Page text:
Luke: doesn’t mention anyone seeing him in the morning. In Luke the first people to see him are the two going to Emmaus late in the afternoon.
John says: ‘Then the disciples went back to their homes, but Mary stood outside the tomb crying. As she wept, she bent over to look into the tomb and saw two angels in white, seated where Jesus’ body had been, one at the head and the other at the foot. They asked her, “Woman, why are you crying?” “They have taken my Lord away,” she said, “and I don’t know where they have put him.” At this, she turned around and saw Jesus standing there, but she did not realize that it was Jesus. “Woman,” he said, “why are you crying? Who is it you are looking for?” Thinking he was the gardener, she said, “Sir, if you have carried him away, tell me where you have put him, and I will get him.” Jesus said to her, “Mary.” She turned toward him and cried out in Aramaic, “Rabboni!” (which means Teacher). Jesus said, “Do not hold on to me, for I have not yet returned to the Father. Go instead to my brothers and tell them, ‘I am returning to my Father and your Father, to my God and your God.'” Mary Magdalene went to the disciples with the news: “I have seen the Lord!” And she told them that he had said these things to her.’
Obviously, while talking to the angels…and then, without knowing it, to Jesus himself, Mary is still holding the idea that the body of Jesus had been taken away, which again indicates that she never got to the tomb with the other women, and thus was not with the other women when angels spoke to them and told them that Jesus was alive.
Clearly something is seriously out of sync here. Mark and John fit together nicely, but Matthew does not. And Luke has the puzzling fact of not mentioning any women seeing Jesus in the morning. According to Matthew, Jesus’ first appearance was to two women – the two Mary’s, which would suggest all the women as a group all saw him, even though Matthew only mentions two of them. Yet Mark explicitly says it was to Mary Magdalene only, and so does John. John’s account is the longest and most detailed, while Mark’s is briefer. Mark’s statement however is not the sort of statement that would be made if Mary Magdalene was simply one of a group, even just a group of two. It would be absurd to say that Jesus ‘appeared first’ to Mary Magdalene, if the ‘other Mary’ saw him 5 or 10 seconds later!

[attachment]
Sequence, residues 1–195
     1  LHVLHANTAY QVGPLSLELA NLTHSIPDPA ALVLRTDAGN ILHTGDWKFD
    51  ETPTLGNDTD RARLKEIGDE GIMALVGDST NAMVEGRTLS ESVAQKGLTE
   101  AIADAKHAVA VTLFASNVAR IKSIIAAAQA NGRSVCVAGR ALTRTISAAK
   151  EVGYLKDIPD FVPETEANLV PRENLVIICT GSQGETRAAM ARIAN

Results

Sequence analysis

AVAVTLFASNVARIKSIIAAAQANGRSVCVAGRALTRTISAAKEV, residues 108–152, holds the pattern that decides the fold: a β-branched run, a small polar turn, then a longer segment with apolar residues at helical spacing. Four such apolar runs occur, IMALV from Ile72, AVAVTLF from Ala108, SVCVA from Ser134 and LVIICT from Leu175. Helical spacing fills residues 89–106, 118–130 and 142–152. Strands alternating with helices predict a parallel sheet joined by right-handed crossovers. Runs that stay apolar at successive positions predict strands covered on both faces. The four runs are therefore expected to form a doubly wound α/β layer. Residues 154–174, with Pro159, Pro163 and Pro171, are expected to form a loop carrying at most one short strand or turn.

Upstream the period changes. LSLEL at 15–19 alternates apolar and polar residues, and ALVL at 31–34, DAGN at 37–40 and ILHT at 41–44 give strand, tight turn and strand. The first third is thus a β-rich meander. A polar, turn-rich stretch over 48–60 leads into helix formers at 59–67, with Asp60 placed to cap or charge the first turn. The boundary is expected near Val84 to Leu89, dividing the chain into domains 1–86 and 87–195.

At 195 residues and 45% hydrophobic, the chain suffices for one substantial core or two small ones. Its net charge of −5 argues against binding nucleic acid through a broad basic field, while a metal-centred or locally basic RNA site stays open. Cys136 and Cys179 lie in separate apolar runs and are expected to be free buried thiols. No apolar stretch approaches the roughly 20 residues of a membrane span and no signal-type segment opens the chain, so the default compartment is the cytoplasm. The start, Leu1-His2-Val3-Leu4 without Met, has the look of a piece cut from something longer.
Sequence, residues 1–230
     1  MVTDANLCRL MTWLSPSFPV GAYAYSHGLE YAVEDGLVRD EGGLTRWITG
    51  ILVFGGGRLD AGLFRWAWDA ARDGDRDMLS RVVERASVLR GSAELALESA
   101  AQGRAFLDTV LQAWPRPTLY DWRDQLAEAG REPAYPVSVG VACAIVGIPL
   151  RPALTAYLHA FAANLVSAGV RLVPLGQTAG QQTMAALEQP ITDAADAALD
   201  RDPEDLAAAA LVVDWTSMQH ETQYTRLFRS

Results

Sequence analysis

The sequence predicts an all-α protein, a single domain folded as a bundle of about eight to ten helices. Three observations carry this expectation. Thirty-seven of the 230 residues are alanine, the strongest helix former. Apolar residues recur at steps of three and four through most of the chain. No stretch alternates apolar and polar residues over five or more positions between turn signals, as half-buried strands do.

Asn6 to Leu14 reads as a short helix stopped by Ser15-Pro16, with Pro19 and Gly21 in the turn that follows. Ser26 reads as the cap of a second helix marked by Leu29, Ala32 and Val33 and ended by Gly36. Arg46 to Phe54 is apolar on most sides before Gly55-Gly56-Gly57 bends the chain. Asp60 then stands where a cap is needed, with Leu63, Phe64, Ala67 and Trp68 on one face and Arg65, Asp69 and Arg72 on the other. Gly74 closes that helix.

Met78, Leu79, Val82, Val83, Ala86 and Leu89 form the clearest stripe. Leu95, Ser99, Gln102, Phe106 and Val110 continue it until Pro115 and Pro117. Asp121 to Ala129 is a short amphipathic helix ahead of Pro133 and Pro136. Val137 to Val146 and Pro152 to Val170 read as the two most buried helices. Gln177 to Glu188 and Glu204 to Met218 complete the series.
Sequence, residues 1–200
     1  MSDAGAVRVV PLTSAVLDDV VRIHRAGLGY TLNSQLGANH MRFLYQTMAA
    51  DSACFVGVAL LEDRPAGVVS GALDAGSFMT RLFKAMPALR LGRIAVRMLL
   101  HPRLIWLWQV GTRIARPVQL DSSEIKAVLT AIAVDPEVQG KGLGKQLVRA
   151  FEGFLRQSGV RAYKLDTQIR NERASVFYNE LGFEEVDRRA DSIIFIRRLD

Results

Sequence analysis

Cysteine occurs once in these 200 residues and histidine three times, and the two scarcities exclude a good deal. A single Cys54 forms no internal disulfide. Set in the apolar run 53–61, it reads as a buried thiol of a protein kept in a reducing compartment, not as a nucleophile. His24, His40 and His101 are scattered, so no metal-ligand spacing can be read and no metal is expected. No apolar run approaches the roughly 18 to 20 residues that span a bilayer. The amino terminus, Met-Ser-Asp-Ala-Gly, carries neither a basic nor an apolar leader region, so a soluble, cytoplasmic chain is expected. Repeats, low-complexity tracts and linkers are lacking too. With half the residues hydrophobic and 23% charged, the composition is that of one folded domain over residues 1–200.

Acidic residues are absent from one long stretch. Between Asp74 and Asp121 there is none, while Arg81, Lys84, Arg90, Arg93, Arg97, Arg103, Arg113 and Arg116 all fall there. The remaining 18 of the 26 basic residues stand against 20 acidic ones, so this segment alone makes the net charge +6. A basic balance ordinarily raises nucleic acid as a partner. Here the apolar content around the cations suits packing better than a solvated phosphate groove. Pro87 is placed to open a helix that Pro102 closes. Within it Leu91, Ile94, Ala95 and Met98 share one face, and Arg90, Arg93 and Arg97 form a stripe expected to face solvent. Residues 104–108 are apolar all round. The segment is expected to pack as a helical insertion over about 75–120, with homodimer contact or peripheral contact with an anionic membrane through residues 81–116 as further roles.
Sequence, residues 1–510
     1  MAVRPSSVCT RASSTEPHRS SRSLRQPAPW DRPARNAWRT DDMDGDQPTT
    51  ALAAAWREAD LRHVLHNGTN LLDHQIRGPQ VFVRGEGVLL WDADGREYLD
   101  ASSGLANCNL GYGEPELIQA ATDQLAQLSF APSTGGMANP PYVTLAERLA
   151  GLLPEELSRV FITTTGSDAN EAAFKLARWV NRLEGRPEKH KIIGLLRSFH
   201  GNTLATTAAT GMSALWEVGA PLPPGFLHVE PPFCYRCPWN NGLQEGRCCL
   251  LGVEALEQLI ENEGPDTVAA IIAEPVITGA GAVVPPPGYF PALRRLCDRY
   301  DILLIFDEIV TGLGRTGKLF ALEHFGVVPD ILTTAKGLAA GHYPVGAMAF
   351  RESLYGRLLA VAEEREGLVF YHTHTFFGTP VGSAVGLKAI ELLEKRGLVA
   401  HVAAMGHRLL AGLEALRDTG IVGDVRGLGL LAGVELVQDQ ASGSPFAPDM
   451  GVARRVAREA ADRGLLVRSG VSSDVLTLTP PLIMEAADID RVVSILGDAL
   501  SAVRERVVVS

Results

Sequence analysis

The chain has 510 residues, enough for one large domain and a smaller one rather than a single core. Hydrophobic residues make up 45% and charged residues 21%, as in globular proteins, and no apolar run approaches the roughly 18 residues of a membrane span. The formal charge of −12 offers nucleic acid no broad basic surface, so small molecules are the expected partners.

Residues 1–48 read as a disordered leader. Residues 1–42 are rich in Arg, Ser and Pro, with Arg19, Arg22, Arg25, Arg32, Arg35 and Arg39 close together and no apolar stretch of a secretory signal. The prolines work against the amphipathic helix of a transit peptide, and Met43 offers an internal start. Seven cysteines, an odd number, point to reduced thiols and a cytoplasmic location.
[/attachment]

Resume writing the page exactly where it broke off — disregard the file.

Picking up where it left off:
And then it can be asked, why does Luke not mention any appearance at this time? Why is Mary Magdalene’s report not mentioned?
I think it is clear that Matthew’s Gospel, taken at face value, is out of sync with the other three, but especially Mark and John.
What did the women describe and how was it received?
Matthew: doesn’t say anything about either of these two things, in fact he says nothing more about resurrection day except regarding the incident of the soldiers reporting back to their superiors, and the story being concocted to explain away what had happened…why there was no body. Matthew’s total account is very very short…surprisingly short.
Mark: says Mary Magdalene…
‘…went and told those who had been with him and who were mourning and weeping. When they heard that Jesus was alive and that she had seen him, they did not believe it. Afterward Jesus appeared in a different form to two of them while they were walking in the country. These returned and reported it to the rest; but they did not believe them either. Later Jesus appeared to the Eleven as they were eating; he rebuked them for their lack of faith and their stubborn refusal to believe those who had seen him after he had risen.’
Luke: says ‘When they [the women] came back from the tomb, they told all these things [seeing angels etc] to the Eleven and to all the others. It was Mary Magdalene, Joanna, Mary the mother of James, and the others with them who told this to the apostles. But they did not believe the women, because their words seemed to them like nonsense. Peter, however, got up and ran to the tomb. Bending over, he saw the strips of linen lying by themselves, and he went away, wondering to himself what had happened.’
Luke adds later, in the narrative about the two going to Emmaus who address some of these matters in their conversation with Jesus.
‘Now that same day two of them were going to a village called Emmaus, about seven miles from Jerusalem. They were talking with each other about everything that had happened. As they talked and discussed these things with each other, Jesus himself came up and walked along with them; but they were kept from recognizing him. He asked them, “What are you discussing together as you walk along?” They stood still, their faces downcast. One of them, named Cleopas, asked him, “Are you only a visitor to Jerusalem and do not know the things that have happened there in these days?” “What things?” he asked.